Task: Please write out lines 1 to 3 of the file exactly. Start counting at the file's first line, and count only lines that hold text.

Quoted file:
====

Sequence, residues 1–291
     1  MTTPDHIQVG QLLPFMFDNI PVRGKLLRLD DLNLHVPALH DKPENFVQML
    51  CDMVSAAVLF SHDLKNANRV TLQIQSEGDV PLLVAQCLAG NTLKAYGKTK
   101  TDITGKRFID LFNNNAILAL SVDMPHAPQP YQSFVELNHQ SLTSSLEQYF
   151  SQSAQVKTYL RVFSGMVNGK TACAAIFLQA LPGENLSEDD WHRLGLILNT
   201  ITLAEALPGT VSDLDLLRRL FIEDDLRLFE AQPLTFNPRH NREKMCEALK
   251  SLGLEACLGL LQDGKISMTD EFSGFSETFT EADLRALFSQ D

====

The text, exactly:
Sequence, residues 1–291
     1  MTTPDHIQVG QLLPFMFDNI PVRGKLLRLD DLNLHVPALH DKPENFVQML
    51  CDMVSAAVLF SHDLKNANRV TLQIQSEGDV PLLVAQCLAG NTLKAYGKTK